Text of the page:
The Defining Moments in California’s Wine-Making History

By 1895, the Napa Valley wine business was booming and Stags’ Leap was producing upwards of 40,000 gallons of wine annually. Before the 19th century, no one would have ever imagined that a small district right in the heart of California would one day become a worldwide sensation, known for the finest wines in the United States and beyond. Indeed, Napa Valley has come a long way. This region has witnessed both good and turbulent times. 

When George Yount first arrived in Napa Valley in 1839, hopes were low. Napa Valley was not a particular favorite in the grand scheme of things. But thankfully, George was daring. He planted his first set of grapes full of confidence, and the rest is now history. 

Today, Napa Valley hosts over 3 million wine lovers every year. In fact, this region has enabled the emergence of more than 500 wineries! 

Without a doubt, all wineries in Napa Valley are top quality. But this does not mean that there won’t always be a first among equals! Over the years, Stag’s Leap and Stags’ Leap have constantly been in the mouth and heart of every wine lover in the States. And that is not simply because of their unmatchable artistry but their common history. 

So, what exactly is so fascinating affair about this historic rivalry? What could lead to two companies in the same business bearing almost identical names? These and other related issues are examined in this piece. But first, we must trace the origins and development of Stag’s Leap and Stags’ Leap.

Stags Leap Winery, Napa Valley, California, USA

How Did Stag’s Leap Come About?

Stag’s Leap is the brainchild of legendary wine connoisseur Warren Winiarski. For years, Warren poured his heart and soul into his business. He massively enjoyed working with tractors, especially the Ford 4000. 

In 1970, Warren founded Stag’s Leap. A born visionary, it was not long before his business became a household name. But in 1976, Stag’s Leap launched itself to true stardom. At a wine-tasting competition in Paris, Stag’s Leap was announced as the competition’s winner, to people’s amazement! This win is often credited to the winery’s 1973 Cabernet Sauvignon. On the back of Warren’s victory, the whole of Napa Valley became popular as the new hub for the best wines in California.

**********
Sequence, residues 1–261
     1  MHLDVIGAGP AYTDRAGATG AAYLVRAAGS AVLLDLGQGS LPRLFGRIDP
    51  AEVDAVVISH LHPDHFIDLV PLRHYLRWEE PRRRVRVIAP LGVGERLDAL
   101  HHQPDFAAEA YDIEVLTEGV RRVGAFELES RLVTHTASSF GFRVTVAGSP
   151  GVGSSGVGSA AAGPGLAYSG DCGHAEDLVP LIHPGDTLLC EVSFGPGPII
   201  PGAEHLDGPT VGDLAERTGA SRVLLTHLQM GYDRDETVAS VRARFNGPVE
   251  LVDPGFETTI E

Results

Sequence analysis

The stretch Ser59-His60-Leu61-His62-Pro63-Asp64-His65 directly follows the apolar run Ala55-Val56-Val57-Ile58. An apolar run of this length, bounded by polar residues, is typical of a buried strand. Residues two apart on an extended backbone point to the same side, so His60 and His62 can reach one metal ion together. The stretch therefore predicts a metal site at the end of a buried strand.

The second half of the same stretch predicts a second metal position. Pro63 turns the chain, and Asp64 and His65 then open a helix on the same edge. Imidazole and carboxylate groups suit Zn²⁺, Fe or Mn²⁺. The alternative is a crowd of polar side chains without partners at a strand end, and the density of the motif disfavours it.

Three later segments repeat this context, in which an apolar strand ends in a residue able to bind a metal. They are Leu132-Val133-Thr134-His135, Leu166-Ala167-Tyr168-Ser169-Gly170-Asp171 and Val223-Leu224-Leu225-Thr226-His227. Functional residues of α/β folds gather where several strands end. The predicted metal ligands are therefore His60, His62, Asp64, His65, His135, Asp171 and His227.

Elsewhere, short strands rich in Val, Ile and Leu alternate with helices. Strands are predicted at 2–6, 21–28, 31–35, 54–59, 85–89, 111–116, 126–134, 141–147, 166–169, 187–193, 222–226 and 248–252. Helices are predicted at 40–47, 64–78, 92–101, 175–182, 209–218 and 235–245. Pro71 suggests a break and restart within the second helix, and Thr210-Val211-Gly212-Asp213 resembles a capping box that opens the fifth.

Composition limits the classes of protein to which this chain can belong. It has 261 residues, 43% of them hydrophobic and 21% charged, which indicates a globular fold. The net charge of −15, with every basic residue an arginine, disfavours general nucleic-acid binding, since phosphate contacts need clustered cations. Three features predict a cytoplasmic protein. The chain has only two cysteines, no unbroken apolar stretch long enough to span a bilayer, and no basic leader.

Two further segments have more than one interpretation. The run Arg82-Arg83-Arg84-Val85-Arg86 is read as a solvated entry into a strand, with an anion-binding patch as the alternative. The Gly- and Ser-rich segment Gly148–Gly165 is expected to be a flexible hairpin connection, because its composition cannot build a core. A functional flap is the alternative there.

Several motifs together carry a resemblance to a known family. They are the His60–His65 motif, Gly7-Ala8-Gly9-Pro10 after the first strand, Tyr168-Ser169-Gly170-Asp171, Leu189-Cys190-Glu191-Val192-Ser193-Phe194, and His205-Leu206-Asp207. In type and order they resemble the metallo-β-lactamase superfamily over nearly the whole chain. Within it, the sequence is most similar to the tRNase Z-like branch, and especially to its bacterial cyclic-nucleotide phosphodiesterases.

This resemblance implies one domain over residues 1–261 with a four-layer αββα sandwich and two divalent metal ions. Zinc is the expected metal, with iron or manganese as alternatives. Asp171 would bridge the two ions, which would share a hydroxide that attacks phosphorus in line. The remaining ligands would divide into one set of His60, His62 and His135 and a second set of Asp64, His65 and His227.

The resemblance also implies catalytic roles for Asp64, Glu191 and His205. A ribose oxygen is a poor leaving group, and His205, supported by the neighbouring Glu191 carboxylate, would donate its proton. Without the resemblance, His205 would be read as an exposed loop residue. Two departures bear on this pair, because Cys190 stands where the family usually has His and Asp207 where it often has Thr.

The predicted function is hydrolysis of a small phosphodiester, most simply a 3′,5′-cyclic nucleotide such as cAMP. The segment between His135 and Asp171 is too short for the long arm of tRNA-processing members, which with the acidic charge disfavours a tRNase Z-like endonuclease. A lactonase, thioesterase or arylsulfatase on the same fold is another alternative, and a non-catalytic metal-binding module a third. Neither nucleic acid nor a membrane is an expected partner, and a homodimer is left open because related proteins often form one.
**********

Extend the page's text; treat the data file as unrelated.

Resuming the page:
After many years of outstanding success in the wine-making business, it was time for Warren Winiarski to take a bow. In 2007, Ste Michelle and Antinori of Washington and Tuscany indicated an interest in taking over the winery. The duo later took ownership of Stag’s Leap. 

Now in his 90s, Warren Winiarski still enjoys recognition as the founder of Stag’s Leap. Right above his winery, this gentleman takes in the beautiful scenery of Napa Valley. 

Of course, Stag’s Leap has been around for some time. However, there’s a competitor with an even longer history. Stags’ Leap is one of the true grandmasters of California’s winery. 

What about Stags’ Leap?

It did not get its name by accident. The business took its name from a popular American legend. In this legend, a hunter set out for an expedition, looking for prey. Upon sighting the hunter, the stag sensed danger and immediately leaped to safety.  Unlike other wineries in the valley, Stags’ Leap does not enjoy quite so much popularity. We attribute this to the peculiarities of the winery. Stags’ Leap imposes restrictions on the number of customers it hosts per day.

Similarly, visitors cannot simply walk in as they please. The estate is deliberately removed from public attention. On one of Stags’ Leap’s glass windows, the company’s slogan is inscribed in Latin, Ne Cede Malis, meaning Never give in to misfortune.”Stags’ Leap Winery was founded in 1893 and was bought by Napa Vintner and Carl Doumani in 1970. Before Carl took over, wine was not actually produced by the company. But Carl made good on his promise to restore the former lost glory.